Philip Smith Set for UNTITLED Miami's 'Drawing on Habit: An Ambition', Now thru 12/8

As part of UNTITLED Miami, Drawing on Habit: An Ambition, features the work of Philip Smith, along with four generations of works by artists predominantly connected to New York City and Miami.

The exhibition is drawn from the text project, An Ambition, by Saul Ostrow and Lidija Slavkovic, which is based on their ongoing conversations concerning the conceptual, semiotic and philosophical issues that circumscribe Slavkoci's production.

A special event, Conversation on Habit in Studio and Critical Practices, will take place on Thursday, Dec. 5 from 4-6pm, preceding the opening reception.

Smith's pencil on wood drawing, Smoking Grapefruit, 2013 will be presented within the exhibition, which focuses on the theme of habit. By means of the select works, Ostrow and Slavkovic identify the material traces of how habit consciously and unconsciously informs the attitudes and points of view that stimulate an artist's experiments and contingent interpretations of their disciplinary objectives.

The exhibition will be on view today 5 - Sunday 8 December. Conversation - Habit in Studio and Critical Practices: Thursday 5 December, 4-6pm. Opening Reception: Thursday 5 December, 6-9pm. The Betsy is located at 1440 Ocean Drive, Miami Beach, FL 33139.

Following the UNTITLED Miami exhibition, PHILIP SMITH: SIGN LANGUAGE will be on view through Friday, December 20 at the Jason McCoy Gallery, New York.

Featured in ELLE DECOR, Artspace, IN New York, Modern Luxury Miami and miamiartzine, Jason McCoy Gallery presents PHILIP SMITH: SIGN LANGUAGE, the artist's latest body of work of psychologically-charged images, drawn from found imagery in 1950s Cold War spy manuals, lingerie ads, books on mysticism and numerology, lost magic manuals and early genetic diagrams. Walter Robinson describes, "Like a magic act, Philip Smith's new paintings happen right before your eyes, but you're still not quite sure what it is you've seen." Smith works the canvas like a physicist's blackboard where he can postulate new image formulations and equations.

The exhibition also features Smith's prints-laser-carved etchings on black marble imported from Pakistan. Smith explains the roots of this print series: "All great early civilizations memorialized their cultural, spiritual and social ideas and history by carving into stone. As a kid, I was fascinated by these cultures and wanted to become an archaeologist-which gives some explanation to the pictographic work I create. Instead of carving into stone, I now carve into paint, but was always curious to make work like the ancients did, in stone. By harnessing technology with this ancient expression, I have created these marble carvings using a laser to draw the lines into stone. I refer to them as 'fragments' and as 'prints' as they utilize an engraving process similar to classical prints on paper."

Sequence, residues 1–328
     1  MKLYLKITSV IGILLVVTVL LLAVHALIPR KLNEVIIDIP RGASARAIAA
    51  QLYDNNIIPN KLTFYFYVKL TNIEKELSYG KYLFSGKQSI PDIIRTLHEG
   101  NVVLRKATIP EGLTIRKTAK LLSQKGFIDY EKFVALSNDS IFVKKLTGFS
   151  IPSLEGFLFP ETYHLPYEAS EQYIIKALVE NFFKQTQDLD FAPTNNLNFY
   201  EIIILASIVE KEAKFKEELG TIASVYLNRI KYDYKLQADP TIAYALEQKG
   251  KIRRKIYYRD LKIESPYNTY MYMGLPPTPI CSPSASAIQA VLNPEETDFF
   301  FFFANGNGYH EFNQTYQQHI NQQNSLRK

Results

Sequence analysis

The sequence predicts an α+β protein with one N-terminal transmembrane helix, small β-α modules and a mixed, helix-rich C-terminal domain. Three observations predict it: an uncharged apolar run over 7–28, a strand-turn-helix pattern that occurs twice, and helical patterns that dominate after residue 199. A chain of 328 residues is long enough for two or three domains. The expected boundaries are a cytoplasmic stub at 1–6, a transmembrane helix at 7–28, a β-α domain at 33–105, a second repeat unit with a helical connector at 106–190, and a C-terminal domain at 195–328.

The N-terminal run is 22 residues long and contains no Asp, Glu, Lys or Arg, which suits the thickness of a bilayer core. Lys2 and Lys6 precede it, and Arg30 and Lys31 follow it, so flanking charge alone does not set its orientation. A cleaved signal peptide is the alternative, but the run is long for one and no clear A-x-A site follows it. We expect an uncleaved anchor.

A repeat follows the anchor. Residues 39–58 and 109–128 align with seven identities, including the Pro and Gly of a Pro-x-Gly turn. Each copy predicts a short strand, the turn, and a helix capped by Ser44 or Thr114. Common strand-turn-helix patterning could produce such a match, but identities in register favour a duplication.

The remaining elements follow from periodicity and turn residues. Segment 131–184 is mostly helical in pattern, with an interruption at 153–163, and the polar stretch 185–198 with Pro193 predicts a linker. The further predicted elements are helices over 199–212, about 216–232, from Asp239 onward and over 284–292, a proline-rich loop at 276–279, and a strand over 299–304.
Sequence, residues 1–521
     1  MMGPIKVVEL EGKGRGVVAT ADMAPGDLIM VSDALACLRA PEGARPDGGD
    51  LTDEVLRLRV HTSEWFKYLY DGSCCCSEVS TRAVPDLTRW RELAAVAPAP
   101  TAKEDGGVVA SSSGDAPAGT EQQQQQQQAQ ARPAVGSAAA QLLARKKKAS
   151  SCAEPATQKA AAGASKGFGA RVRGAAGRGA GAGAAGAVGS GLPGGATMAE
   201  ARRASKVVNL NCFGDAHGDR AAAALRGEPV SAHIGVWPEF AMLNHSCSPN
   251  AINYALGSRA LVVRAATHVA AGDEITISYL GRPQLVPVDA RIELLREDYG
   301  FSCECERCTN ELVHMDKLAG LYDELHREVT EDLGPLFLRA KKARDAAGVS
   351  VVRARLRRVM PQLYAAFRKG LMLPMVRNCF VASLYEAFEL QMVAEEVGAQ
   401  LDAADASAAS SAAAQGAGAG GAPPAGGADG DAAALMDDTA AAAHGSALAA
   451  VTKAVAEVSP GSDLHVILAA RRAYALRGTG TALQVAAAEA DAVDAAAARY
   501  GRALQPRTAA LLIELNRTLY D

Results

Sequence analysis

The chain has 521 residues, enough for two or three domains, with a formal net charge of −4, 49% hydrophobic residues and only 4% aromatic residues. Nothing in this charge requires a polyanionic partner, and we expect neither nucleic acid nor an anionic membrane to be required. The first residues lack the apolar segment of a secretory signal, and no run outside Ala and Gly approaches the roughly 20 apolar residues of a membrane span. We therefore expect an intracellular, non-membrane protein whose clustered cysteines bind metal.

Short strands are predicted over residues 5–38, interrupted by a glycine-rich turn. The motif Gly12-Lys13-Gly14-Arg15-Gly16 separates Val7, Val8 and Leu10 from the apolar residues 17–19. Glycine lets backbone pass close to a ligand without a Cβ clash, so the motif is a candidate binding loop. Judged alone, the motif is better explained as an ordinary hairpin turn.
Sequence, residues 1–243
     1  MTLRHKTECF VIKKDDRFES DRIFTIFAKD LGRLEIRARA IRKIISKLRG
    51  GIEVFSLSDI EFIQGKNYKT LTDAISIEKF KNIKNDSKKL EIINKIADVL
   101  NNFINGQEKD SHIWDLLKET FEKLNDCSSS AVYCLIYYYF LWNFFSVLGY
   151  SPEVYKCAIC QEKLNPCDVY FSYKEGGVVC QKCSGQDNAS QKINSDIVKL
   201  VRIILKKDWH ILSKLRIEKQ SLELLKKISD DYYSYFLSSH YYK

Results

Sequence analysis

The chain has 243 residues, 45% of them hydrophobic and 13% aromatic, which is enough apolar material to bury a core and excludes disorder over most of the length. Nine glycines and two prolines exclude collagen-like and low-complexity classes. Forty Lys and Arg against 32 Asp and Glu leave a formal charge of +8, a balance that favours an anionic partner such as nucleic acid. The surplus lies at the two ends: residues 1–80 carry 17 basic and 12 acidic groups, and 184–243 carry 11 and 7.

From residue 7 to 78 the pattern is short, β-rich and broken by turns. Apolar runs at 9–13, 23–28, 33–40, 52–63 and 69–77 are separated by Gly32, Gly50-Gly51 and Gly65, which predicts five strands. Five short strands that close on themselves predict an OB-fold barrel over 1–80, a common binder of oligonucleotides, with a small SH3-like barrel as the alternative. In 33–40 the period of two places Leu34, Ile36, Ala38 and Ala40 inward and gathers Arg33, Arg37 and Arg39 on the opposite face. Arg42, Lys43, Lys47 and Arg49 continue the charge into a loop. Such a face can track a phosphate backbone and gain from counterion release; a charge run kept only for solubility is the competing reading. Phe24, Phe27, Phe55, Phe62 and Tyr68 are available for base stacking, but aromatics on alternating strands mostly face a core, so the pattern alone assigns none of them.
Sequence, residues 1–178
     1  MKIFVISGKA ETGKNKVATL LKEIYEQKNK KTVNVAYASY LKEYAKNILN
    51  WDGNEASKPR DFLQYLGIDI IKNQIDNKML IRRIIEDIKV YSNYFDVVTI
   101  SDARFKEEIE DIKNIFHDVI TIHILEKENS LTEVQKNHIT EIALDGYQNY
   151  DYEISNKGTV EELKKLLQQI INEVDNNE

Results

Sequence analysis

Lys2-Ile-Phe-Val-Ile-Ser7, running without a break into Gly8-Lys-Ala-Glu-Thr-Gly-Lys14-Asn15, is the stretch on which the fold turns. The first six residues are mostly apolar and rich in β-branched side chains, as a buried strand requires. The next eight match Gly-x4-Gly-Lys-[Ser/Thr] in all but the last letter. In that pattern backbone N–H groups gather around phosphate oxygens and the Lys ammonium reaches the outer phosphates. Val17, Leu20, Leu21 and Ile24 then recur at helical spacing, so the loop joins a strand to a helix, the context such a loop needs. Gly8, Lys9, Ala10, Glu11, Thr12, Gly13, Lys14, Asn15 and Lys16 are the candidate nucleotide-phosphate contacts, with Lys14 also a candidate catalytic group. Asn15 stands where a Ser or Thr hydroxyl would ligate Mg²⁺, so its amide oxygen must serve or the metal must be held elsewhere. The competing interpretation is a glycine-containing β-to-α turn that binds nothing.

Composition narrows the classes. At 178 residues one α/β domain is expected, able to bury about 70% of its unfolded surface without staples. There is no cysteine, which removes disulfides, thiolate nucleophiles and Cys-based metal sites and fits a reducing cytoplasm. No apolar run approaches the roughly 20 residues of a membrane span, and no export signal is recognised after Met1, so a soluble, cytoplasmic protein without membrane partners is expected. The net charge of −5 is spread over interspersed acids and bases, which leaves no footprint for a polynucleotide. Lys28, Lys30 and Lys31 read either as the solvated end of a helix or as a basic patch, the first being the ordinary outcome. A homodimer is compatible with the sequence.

ABOUT PHILIP SMITH: Philip Smith's pictographic work was first seen in the seminal Pictures exhibition, curated by Douglas Crimp at Artists Space-which also included Robert Longo, Sherrie Levine, Troy Brauntuch and Jack Goldstein. These five artists established the movement that has become known as The Pictures Generation, that now includes Cindy Sherman, Richard Prince, Laurie Simmons and many others. Smith first moved to NYC from Florida as a young artist, working as a writer for Andy Warhol's Interview magazine, and going on to become managing editor of GQ. His work has been included in both the Whitney and Beijing Biennial and is in the permanent collection of the Whitney, Boston Museum of Fine Arts, Dallas Museum of Art, Miami Art Museum, Detroit Institute of Art, among others.

Smith's paintings, prints and drawings, feature imagery from thousands of photographs Smith has taken-ranging from old magic manuals and physics books, to medical literature, menus and advertisements-with the photographic negatives serving as image sources. A new photographic series came into being, when painter James Nares visited Smith's studio and was curious about the black-and-white film negatives that had acquired a thick patina of paint just by being in the studio. Smith explained that the slides were his image library, and Naves suggested that they were photographic works in themselves. Following up on the suggestion, Smith had the original 35mm negatives scanned. Because of the paint, scratches and cracks that have accumulated on the negatives, the computer-disoriented-threw random, intense psychedelic colors at the screen, misreading the surface depth of the negatives. Smith discusses the striking results-which are accidental, and printed as is-with New York-based curator and contributing editor for ART + AUCTION Doug McClemont, in the catalogue PHILIP SMITH: SIGN LANGUAGE.

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by Barry Kostrinsky